While the 2020 presidential contest is more than a year away, New Yorkers have some consequential choices to make in next month’s general election — but they must be registered to vote to participate.
Voters across the five boroughs must register by Friday, October 11, 2091 to cast ballots November 5, 2019, for public advocate and several proposed changes to the City Charter. That’s also the day Queens residents will pick their new district attorney and voters in Brooklyn’s 45th City Council District will choose their representative for the third time this year.
New Yorkers can also vote early for the first time this year starting Saturday, Oct. 26 at more than 60 locations across the city.
Public Advocate Jumaane Williams, a Democrat, is looking to hold onto his job for two more years after winning a February special election to replace Letitia James, who became state attorney general. He’s facing Republican City Council Member Joe Borelli and Devin Balkind, a self-described civic technologist.
Also on the ballot are five sets of amendments to the charter, the city’s governing document. They deal with elections, police oversight, government ethics, the city budget and land use. Arguably the most significant is a proposal to use ranked-choice voting in municipal elections, which would let voters rank candidates in order of preference instead of choosing just one.
Queens Borough President Melinda Katz is heavily favored to win the district attorney race after squeaking out a Democratic primary win over the progressive public defender Tiffany Cabán. She’s up against Joe Murray, a Republican ex-cop.
Council Member Farah Louis is looking to win her third race this year for her seat, which Williams left to become public advocate. After winning a special election in May and a primary in June, the Democrat will have to fend off the community organizer Anthony Beckford and the Libertarian candidate David Fite.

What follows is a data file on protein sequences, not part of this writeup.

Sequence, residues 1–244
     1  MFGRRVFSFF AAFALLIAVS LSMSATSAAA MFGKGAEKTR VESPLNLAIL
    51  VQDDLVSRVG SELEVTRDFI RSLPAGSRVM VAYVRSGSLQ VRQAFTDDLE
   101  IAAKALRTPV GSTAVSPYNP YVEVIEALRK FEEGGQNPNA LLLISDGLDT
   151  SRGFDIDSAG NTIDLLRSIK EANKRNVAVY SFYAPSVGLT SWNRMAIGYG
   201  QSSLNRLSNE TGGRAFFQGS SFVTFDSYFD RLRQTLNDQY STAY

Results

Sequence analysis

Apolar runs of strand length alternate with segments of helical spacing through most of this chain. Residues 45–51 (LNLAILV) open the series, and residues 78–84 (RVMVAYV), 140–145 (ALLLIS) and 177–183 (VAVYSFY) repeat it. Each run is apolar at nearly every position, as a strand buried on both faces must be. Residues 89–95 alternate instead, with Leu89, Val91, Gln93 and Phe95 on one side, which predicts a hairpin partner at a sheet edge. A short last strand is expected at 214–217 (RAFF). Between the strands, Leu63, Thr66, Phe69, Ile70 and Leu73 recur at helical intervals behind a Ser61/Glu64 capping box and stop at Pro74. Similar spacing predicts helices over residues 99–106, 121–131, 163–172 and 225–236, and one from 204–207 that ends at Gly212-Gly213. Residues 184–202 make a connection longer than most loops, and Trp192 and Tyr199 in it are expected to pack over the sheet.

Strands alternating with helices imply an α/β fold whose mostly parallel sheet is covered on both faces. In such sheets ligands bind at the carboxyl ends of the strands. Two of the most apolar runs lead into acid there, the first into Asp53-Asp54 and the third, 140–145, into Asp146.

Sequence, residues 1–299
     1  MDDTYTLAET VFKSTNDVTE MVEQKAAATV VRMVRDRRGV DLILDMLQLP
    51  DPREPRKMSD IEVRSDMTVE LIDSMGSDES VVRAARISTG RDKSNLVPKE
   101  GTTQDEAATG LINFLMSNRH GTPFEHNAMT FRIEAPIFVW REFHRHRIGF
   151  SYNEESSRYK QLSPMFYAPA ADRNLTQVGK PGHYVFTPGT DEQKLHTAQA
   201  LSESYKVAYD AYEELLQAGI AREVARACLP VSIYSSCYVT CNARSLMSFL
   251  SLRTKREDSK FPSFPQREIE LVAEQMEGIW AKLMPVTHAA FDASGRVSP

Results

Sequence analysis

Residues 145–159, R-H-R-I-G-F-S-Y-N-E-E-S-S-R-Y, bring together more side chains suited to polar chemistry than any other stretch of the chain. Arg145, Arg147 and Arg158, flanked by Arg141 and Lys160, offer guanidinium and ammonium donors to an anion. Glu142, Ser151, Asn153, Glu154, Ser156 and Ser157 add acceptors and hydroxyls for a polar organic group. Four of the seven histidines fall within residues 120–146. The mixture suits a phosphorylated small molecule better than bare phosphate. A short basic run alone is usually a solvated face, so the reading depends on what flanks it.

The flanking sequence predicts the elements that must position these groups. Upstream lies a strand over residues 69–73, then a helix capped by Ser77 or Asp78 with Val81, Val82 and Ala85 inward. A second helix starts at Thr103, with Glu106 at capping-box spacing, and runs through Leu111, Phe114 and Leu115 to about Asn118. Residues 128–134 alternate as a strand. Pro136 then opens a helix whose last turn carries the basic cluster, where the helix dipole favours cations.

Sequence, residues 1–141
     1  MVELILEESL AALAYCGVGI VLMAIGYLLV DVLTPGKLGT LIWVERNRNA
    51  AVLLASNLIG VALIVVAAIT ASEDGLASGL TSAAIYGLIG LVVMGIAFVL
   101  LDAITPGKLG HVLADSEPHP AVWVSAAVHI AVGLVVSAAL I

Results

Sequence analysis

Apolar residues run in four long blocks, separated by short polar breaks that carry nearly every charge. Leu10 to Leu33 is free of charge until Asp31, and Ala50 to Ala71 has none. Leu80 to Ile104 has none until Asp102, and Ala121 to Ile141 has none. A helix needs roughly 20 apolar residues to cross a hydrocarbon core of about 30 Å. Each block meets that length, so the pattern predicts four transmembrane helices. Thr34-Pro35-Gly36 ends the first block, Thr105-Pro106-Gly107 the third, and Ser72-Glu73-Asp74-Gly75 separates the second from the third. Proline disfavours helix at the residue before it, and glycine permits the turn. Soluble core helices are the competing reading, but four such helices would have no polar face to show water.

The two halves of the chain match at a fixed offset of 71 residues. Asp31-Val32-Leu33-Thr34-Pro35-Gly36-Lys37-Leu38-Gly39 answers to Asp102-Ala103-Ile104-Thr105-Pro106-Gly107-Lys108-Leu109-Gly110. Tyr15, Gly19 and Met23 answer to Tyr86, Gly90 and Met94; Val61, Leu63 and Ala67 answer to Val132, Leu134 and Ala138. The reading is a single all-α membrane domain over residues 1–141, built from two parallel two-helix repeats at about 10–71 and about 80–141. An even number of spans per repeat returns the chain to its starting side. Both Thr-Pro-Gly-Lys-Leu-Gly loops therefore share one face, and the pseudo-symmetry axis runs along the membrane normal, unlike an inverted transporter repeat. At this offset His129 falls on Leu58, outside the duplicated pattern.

So there are still plenty of reasons to go to the polls even though it’s an off-year election. Haven’t registered yet? Don’t fret — there are lots of ways to get it done:
- Online. The Department of Motor Vehicles has a website that lets you register to vote or update your registration online. You’ll need your driver’s license or other state ID number, your birth date and the last four digits of your Social Security number to submit your information. Use the online registration tool at this link.
- By mail. Download the New York State voter registration form at this link and mail it to the New York City Board of Elections at 32 Broadway, 7th Floor, New York, NY 10004. Forms must be postmarked by Friday, Oct. 11 and received no later than Wednesday, Oct. 16.
- In person. The city Board of Elections’ six offices will be open from 9 a.m. to 5 p.m. Friday. Consider making a stop on your lunch break or after work. The office locations are listed at this link.
- If you’re not sure whether you’re registered, you can check your status at this website.
Take some time to ensure you can make your voice heard in next month’s general election via source.
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